My grandmother was 91 years old when she died. I doubt she planned to live that long. She didn’t have an IRA or 401(k). She lived on Social Security and her pension, and constantly worried about money. With healthy lifestyles and quality drugs allowing us to survive into our 90’s, we need to plan to live in retirement for around 30 years. How much money you need to live comfortably in retirement is unique to you, but a good rule of thumb is $1 million. Here are eight ways you may not have thought of to put money aside for your golden years:
If you’ve just graduated from college and are starting your first job, you may be tempted to put off contributing to your company’s matching 401(k) plan or other investment options until your student loans are paid off. Resist that temptation and contribute the minimum your company’s plan allows. You have to pay off the past, but you also need to plan for the future. Don't put all of your eggs in one basket.
The amount of money you’re allowed to contribute to pre-taxed retirement plans is capped, but did you know that if you are at least 50 years old, you are eligible for catch up contributions to both your 401(k) plan and your IRA? Take full advantage of this option to set yourself up for financial success later in life.
Just because you can collect full Social Security benefits when you turn 62 years old, doesn’t mean you should if you are healthy and enjoying your work. Every year you delay receiving Social Security payments before you turn 70 years old, you increase the amount you receive in the future.
If you feel like you’re way behind in saving for retirement, take a part-time job working nights and weekends in addition to your full-time job. If you feel pressured, but not panicked, freelance work or seasonal retail jobs may be enough to meet your earnings goals.
Acorns, Stash, Robinhood, and WiseBanyan allow you to round up the amount of your purchases to the nearest dollar and divert that spare change into an investment account. This can’t be the main way you save for retirement, but if you keep spare change in a piggy bank, it’s not gathering interest. At least this way, your little bit of money is at work making you a little bit more money.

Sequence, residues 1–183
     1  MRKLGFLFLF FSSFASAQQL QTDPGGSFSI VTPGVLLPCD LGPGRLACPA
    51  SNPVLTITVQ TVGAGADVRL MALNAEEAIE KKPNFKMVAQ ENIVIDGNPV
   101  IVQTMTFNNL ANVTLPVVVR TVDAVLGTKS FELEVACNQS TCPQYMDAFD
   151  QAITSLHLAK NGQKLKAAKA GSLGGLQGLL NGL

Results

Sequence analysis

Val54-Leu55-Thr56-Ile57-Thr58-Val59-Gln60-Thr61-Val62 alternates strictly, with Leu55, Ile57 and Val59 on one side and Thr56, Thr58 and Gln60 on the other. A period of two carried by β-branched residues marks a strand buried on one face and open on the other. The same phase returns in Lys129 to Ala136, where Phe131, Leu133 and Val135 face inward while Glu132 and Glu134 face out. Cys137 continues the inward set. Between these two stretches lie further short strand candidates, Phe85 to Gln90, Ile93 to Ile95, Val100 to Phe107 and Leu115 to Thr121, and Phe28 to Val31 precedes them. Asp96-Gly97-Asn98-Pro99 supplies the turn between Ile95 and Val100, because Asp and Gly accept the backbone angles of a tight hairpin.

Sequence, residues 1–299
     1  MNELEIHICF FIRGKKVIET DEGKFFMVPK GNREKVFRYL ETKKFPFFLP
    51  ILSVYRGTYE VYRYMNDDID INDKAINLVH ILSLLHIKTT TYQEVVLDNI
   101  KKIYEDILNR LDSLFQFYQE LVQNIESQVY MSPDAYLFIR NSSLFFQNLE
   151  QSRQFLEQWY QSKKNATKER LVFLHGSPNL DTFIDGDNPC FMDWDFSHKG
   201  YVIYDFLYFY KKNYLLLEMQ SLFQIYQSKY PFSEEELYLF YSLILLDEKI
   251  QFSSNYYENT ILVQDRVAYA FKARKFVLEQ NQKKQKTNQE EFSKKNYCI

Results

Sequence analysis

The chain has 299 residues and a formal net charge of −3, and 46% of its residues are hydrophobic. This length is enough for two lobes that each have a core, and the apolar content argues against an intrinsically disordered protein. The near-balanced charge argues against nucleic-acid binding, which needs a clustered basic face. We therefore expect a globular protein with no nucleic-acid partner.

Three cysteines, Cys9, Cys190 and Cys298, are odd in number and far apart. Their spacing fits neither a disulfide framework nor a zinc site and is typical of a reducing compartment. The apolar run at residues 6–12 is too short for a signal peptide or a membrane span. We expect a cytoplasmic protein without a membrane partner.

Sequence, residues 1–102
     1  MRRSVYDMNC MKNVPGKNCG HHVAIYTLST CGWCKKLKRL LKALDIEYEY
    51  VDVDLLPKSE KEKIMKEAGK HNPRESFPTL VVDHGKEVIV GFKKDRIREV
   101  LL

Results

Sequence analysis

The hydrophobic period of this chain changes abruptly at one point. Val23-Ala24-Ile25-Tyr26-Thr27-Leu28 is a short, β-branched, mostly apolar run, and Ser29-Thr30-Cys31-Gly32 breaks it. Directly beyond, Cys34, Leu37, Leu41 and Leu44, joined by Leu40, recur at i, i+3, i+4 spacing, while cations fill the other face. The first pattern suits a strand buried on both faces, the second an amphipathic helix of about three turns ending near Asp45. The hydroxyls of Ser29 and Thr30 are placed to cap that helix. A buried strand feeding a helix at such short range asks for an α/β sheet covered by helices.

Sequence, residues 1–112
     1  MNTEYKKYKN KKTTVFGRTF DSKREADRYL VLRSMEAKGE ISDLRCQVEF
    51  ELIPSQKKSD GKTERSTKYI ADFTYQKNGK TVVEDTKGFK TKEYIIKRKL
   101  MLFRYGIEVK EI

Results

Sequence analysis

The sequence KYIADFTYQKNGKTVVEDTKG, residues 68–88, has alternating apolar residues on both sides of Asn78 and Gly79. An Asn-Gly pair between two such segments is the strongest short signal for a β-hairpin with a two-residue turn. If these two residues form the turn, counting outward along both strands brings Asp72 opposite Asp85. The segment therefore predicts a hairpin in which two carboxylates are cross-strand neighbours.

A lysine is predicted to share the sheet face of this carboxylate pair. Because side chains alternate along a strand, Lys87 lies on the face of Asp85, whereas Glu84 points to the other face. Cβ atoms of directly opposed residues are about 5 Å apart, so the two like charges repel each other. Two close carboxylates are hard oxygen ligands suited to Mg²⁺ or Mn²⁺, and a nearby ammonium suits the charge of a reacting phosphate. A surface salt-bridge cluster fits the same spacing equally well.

Your kids’ piano, dance, and karate lessons add up; not to mention the gas to get them there. Limiting each child to one extracurricular per season doesn’t limit their experiences or social skills. If your child isn’t trying for a sport scholarship, let them participate in recreational leagues instead of traveling sport teams. Instead of buying uniforms, equipment, hotels, food, and gas, invest that amount in a Roth IRA to help them pay for college.
Are you an empty nester rattling around in a big house? Do you really need all that space? If not, downsize before it becomes a buyer’s market. Use your profit to purchase (or rent) right-sized housing and invest the rest in your IRA.
When you get a raise, spend half of it on yourself as a reward, but also allocate half of it to your 401(k) or IRA. The same goes for your tax refund.
Small efforts add up to large results over time. Be consistent and creative in saving for your retirement, and you could be comfortable living to 120!
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